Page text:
Buchanan's neo-Nazi links exposed

By Tim Wheeler, in People's Weekly World,
24 February, 1996

Patrick J. Buchanan was a Nixon loyalist until the bitter end. As the Watergate conspiracy unraveled and the impeachment tide lapped ever closer to the Oval Office, Buchanan, a speechwriter, was assigned to coach White House Press Secretary Ron Ziegler on how to handle the press corps.

Buchanan, and other White House operatives, helped Ziegler rehearse the lies and half-truths he would feed reporters at the regular White House news briefings. Buchanan, according to evidence presented during the Senate Watergate hearings, anticipated that Ziegler would be questioned about Donald Segretti, one of a covert team of "dirty tricksters" hired by the Committee to Reelect the President (CREEP). They forged documents and infiltrated and disrupted the campaigns of Nixon's Democratic opponents.

Buchanan advocated an aggressive strategy to throw the reporters on the defensive. "Drip by drip, it really wears them down," Buchanan told Ziegler.

Later, Buchanan was summoned to testify before the Senate Watergate hearings. Still the bully-boy, full of bluster, he bragged of provoking racial, religious and regional hostility as part of Nixon's divide-and-conquer "Southern Strategy."

A Dec. 11, 1970 memo reported that after a White House news conference in which Nixon defended his escalation of the Vietnam War, Buchanan drafted 10 fake telegrams that were to be sent from around the country to Time and Newsweek, praising Nixon's war policy.

Other Watergate criminals served their jail terms and vanished into obscurity. Patrick Buchanan never served a day in jail. He has just won, narrowly, the New Hampshire primary for the Republican presidential nomination.

Buchanan was forced to distance himself from his campaign co-chair Larry Pratt, executive director of Gun Owners of America, linked to the white supremacist armed militias. Pratt took what he described as a "temporary leave" from Buchanan's campaign. But two days later, another white supremacist, Susan Lamb, was found in Buchanan's Florida campaign committee. Lamb, Duval County chairwoman of the Buchanan Committee is also Florida organizer of David Duke's National Association for the Advancement of White People.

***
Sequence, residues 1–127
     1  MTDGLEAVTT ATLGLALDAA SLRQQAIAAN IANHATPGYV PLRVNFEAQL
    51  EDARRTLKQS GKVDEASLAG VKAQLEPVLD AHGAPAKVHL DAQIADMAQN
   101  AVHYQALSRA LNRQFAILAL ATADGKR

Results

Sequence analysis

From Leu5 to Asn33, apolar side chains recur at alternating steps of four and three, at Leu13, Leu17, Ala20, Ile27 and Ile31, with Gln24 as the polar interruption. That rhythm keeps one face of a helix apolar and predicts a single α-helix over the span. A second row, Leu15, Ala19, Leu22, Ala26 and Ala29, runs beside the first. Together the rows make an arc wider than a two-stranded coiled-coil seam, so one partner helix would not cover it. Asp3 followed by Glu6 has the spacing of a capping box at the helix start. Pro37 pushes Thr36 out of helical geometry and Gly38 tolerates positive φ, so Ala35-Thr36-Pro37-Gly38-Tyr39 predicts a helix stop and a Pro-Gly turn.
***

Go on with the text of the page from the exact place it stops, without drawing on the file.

Duke, head of the Ku Klux Klan, was trounced when he ran for Governor of Louisiana in 1991. But he endorsed Buchanan in the Louisiana caucuses, helping Buchanan win a victory over Texas Senator Phil Gramm. Gramm officials learned last week that a hate mongering publication, "The Truth at Last" was distributed in Louisiana with a picture of Gramm and his Korean-American wife and the caption, "He divorced a White wife to marry an Asiatic."

Pratt is co-editor of a bimonthly newsletter published by United Sovereigns America based in Del City, Oklahoma. The group preaches that the U.S. government is unconstitutional. The group's mailing house offers an array of extremist literature including the virulently anti-Semitic "Protocols of the Elders of Zion," a Czarist-era forgery that purports to be the working plan for a takeover of the world by Jews. The group also sells the handbook of Posse Comitatus, a violent far-right group that engaged in shoot-outs with U.S. marshals and other law enforcement officers in the 1980s.

An expose of Buchanan in the Pittsburgh Gazette reveals that Pratt was the featured speaker at a "Constitution Restoration Rally" in Lakeland, Fla., Oct. 1, 1994, in which the main argument was that neither the 13th nor the 14th Amendment of the Constitution was ratified. These are the amendments abolishing slavery and extending full citizenship rights to African Americans. Present at that rally, according to militia leaders, was Timothy McVeigh. He is now on trial for bombing the Oklahoma City federal building.

Pratt shared the platform at the anti-gun control "Preparedness Expo" in Salt Lake City last year with militia advocate Mark Koernke, Green Beret extremist Bo Gritz, and Jack McLamb, a fired Phoenix Arizona police officer who authored a paramilitary manual titled "Vampire Killer 2000." The manual was found among McVeigh's belongings when he was arrested.

Buchanan, a syndicated columnist and co-host of Turner Broadcasting's Crossfire, denies he is a racist or an anti- Semite. Yet he took up the cudgels for John Demjanjuk of Cleveland who sneaked into the U.S. after World War II without revealing that he had served as a guard at Treblinka, the Nazi death camp. Survivors identified Demjanjuk as "Ivan the Terrible," a fiendish Nazi torturer and murderer. He was deported to Israel and stood trial for war crimes. Buchanan portrayed him as the victim of a witch hunt. With the help of closet-Nazi admirers like Buchanan, Demjanjuk escaped the hangman's noose.

Buchanan's speech to the 1992 GOP convention spelled out his fascist-like views. He called for a "cultural war" to "take back America, street-by-street." This was a code language declaration of war on African Americans, Jewish Americans, Latinos, immigrants and women.

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